2014 Meteor Shower: Where and How to Best View Delta Aquarids Meteor Shower Peak on July 28 and 29

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By Jenalyn Villamarin | July 21, 2014 4:46 PM EST

The months of July and August will offer sky watchers the viewing experience for the 2014 Delta Aquarids meteor shower. The sky display started on July 12 and it can be viewed until Aug 23, 2014 with the peak scheduled to take place from July 28 to 29 and observers in the Southern Hemisphere will have the best views.  

During the meteor shower peak in the Southern Hemisphere, 15 to 20 meteors per hour are estimated to be seen in the predawn hours of July 28 and 29. Sky watchers are suggested to look at the eastern sky direction with its radiant located to the left of the Fomalhaut star.

The Delta Aquarids meteor shower peak will be highlighted as well with the new Moon occurring on Saturday, July 26. According to the ITWire report, viewers in the northern tropics (southern latitudes) of the Northern Hemisphere can still have decent observations on the Delta Aquarids meteor shower.

The peak of the Delta Aquarids meteor shower in the Northern Hemisphere is scheduled to take place on Aug 13 and 14. For the Northern peak, 10 meteors per hour are expected to be visible when the observers look in the lower southern to the southeastern sky close to the Aquarius constellation.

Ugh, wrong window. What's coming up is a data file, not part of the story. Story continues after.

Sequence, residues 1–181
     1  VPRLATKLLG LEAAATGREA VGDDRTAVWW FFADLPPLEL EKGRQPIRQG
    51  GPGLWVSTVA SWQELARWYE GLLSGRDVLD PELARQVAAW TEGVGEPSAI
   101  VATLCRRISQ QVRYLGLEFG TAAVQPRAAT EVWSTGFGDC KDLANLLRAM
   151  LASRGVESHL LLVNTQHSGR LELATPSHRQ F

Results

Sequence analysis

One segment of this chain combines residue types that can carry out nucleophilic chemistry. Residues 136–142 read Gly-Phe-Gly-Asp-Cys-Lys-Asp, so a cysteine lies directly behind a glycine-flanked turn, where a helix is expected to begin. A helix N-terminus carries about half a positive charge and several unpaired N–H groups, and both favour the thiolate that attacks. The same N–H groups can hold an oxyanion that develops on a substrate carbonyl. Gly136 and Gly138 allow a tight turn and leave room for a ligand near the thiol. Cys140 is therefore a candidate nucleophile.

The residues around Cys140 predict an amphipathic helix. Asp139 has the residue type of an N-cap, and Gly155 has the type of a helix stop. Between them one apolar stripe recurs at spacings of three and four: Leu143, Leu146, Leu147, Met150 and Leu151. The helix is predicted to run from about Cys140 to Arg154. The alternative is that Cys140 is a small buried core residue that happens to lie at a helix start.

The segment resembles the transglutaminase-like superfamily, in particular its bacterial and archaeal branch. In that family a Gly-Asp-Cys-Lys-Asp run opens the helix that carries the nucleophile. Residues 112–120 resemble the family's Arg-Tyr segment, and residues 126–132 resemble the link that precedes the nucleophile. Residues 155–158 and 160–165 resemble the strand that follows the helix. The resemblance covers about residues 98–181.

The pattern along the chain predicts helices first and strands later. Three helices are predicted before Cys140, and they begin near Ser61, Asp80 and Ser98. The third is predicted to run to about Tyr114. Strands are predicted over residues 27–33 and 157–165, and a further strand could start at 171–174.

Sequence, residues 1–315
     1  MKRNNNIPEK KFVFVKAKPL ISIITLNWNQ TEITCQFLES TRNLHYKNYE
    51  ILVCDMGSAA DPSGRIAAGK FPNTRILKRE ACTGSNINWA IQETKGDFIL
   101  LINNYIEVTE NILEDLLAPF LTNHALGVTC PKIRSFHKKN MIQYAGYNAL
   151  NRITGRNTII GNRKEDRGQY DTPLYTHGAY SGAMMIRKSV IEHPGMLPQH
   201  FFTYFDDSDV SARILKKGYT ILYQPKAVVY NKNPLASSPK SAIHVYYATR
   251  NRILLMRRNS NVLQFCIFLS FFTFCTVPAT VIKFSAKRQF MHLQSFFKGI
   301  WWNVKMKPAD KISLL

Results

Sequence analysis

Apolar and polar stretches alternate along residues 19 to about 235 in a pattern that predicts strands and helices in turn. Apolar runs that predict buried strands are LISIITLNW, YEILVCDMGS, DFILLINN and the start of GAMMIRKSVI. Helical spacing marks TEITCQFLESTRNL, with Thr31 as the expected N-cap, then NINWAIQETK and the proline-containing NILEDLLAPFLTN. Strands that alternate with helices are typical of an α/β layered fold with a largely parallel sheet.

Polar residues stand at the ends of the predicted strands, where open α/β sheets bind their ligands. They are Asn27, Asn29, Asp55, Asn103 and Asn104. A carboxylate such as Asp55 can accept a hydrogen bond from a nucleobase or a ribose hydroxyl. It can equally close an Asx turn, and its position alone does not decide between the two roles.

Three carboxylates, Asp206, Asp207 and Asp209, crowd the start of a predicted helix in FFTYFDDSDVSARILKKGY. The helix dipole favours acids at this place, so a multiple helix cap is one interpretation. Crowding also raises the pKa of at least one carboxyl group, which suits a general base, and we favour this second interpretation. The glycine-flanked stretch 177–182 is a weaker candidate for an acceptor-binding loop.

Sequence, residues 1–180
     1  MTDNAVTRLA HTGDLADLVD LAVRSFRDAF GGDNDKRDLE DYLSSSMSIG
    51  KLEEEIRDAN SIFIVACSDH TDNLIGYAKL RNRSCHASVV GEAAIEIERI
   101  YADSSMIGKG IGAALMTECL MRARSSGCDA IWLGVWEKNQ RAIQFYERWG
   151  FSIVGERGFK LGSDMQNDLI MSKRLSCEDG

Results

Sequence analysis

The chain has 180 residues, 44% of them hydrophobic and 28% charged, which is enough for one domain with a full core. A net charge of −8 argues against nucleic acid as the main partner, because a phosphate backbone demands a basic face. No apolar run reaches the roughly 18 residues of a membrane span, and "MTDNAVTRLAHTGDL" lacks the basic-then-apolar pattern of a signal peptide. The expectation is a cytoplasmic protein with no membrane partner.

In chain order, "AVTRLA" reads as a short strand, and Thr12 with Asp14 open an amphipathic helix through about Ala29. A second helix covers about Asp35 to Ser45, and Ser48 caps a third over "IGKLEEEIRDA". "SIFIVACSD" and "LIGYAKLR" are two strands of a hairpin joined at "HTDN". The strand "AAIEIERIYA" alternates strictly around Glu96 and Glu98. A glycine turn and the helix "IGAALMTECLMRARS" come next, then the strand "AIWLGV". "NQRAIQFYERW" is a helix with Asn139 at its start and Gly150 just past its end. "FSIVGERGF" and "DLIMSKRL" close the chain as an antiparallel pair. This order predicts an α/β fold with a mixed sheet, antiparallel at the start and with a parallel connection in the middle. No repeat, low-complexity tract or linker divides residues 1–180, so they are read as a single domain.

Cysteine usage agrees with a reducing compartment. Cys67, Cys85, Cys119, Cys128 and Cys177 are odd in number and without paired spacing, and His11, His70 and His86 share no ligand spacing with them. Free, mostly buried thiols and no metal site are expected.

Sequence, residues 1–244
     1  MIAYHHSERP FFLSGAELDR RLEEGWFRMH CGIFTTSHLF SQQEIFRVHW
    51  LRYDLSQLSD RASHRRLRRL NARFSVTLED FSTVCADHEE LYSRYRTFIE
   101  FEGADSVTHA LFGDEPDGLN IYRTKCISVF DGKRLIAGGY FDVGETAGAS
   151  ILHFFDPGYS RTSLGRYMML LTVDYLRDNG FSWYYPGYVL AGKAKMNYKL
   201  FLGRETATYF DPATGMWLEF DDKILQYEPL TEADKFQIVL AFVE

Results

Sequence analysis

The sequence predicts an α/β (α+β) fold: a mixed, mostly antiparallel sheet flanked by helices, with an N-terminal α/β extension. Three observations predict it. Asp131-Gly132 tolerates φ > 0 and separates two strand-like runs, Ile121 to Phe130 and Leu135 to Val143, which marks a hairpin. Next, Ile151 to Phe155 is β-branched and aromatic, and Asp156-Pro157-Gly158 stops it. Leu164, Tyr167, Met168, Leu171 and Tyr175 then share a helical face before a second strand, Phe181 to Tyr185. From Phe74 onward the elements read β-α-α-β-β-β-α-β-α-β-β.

"This year's peak occurs during a new moon, which means dark skies for optimal viewing. Begin looking for these faint meteors after midnight," NASA (National Aeronautics and Space Administration) stated in the Epoch Times report. The meteors may be difficult to spot but the visibility is anticipated to rise during its peak time.

To best view the meteor shower, observers from both the Southern and Northern Hemispheres must find a spot away from the bright city and street lights. "Lie flat on your back and look up, taking in as much of the sky as possible. However, looking halfway between the horizon and the zenith, and 45 degrees from the constellation of Aquarius will improve your chances of viewing the Delta Aquarids. In less than 30 minutes in the dark, your eyes will adapt and you will begin to see meteors," NASA suggested.

There will be two more meteor showers gracing the sky almost at the same time with the Delta Aquarids this July and then August. The Alpha Capricornids, also with the July 28 and 29 peak time, started its display on July 11 and it will run through Aug 10, 2014 with not much meteors visible but the shower producing bright fireballs in the sky.

The Perseids meteor shower display is scheduled as well to take place from July 13 to Aug 26 with the peak times on Aug 11 and 12. The Perseids meteor shower is one of the popular sky display due to the numerous meteors visible.

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